In Destiny there are hand cannons, which are pretty high-caliber revolvers. In the context of other technology from there, is their hand cannon feasible, is it obsolete in favor of other small arms, or is there an alternative that does it better? Because the whole idea of space cowboys with big revolvers may be cool but I feel like it might not be reasonable for a story.

Edit for clarity: I mean to use Destiny as an example, not to clarify their already-existing story. Their hand cannons really are just big revolvers. Most reload by replacing the whole cylinder (no loading each round individually) and are semi-auto action. They have huge recoil, are not too accurate, and are pretty short range (<100 m) but hit very hard. Ammunition isn’t anything special from what I know (there are elemental variations but that’s not really relevant to the purpose and function of the guns).

The main point of my asking about this is that there are many other alternatives in the Destiny universe, like SMGs, rapid-fire handguns (sidearms), fully automatic rifles, etc. Everything is pretty high velocity, so penetration isn’t generally an issue. Is the straight-up hitting power of a high-caliber weapon really relevant when extremely high RoF weapons are in abundance too?

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    $\begingroup$ Are asking about a plot element of an already existing fictional story? Because if so you can better use the dedicated stack exchange. $\endgroup$ – L.Dutch Jul 5 '18 at 19:22
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    $\begingroup$ @LDutch I think they're asking more about big, short-range handguns in general, and using Destiny as one example of what they're talking about. (Though it could use an edit to that effect if so.) $\endgroup$ – Cadence Jul 5 '18 at 19:23
  • $\begingroup$ I meant to use Destiny as an example, since afaik its hand cannons are pretty well-known. Should I clarify that? $\endgroup$ – VeganJoy Jul 5 '18 at 19:29
  • $\begingroup$ yes, better. Also, since not everybody is aware of what it is, give some details about it, too. $\endgroup$ – L.Dutch Jul 5 '18 at 19:32
  • $\begingroup$ I don't think Destiny hand cannons are really huge, they look like fancier versions of real .44-.45 handguns. Which are valued primarily for their Stopping power. $\endgroup$ – Alexander Jul 5 '18 at 20:12

The weapon suits the target.

Which weapons are "practical" or "best" in a given situation depends heavily on what they're used on. A shotgun full of birdshot is a perfectly practical weapon for shooting at birds, but not great for people and useless against buildings.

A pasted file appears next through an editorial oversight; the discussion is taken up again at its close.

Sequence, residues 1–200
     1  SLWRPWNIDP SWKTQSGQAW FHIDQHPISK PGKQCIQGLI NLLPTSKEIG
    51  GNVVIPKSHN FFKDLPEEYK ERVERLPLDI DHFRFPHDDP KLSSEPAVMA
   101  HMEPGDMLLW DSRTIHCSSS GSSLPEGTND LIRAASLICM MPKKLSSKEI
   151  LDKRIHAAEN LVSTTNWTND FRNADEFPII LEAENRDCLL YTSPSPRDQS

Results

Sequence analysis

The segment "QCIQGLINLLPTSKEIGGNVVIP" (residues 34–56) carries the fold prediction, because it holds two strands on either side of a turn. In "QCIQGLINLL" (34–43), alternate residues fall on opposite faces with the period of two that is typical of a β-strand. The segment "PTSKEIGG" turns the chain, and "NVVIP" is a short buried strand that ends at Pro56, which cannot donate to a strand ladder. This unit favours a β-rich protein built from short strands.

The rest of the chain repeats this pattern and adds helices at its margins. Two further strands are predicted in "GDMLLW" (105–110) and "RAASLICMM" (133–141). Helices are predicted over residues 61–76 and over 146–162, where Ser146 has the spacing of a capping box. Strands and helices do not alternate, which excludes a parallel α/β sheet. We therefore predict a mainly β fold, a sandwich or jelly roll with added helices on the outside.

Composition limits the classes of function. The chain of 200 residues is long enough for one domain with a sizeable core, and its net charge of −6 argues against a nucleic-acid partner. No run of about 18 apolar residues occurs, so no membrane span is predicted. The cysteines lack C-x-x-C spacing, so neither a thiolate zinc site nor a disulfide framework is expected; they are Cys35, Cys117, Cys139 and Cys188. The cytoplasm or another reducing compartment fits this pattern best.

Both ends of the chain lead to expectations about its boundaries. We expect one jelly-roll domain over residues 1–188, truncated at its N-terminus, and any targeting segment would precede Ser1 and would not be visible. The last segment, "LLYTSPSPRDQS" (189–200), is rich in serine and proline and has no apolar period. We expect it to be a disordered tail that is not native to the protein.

When firing at a single, unarmored human at short range, there's not much reason for guns to get bigger than they already are. A large-caliber handgun already can pack enough energy to incapacitate or kill pretty reliably across a broad range of impact locations. (Where you get shot is just as critical as how powerful a gun it is; smaller guns can totally kill people, even instantly, but need to be much more precise about it.)

There are three basic reasons to use a bigger projectile. One is longer range: though it may seem paradoxical at first, larger, heavier projectiles are (all else being equal) much more accurate at much longer ranges. However, handguns are not a very good form factor for long-range shooting; a proper longarm or even something like a bullpup design is more stable, easier to aim, and generally scales better at larger sizes. A handgun can only get so big before it gets unwieldy when actually used as a handgun.

The second reason is raw kinetic energy. As mentioned above, this isn't all that useful when shooting at unarmored people, but armored targets would be a very good reason to want a big ol' bullet. Even if you can't breach the armor, a larger bullet has better odds of breaking bones, knocking people down, and generally doing something useful and buying time for you to bring up the big guns. (Note that "armored targets" in this context can include animals or aliens that are naturally tough; a rhino is not going to be impressed by your run-of-the-mill handgun.)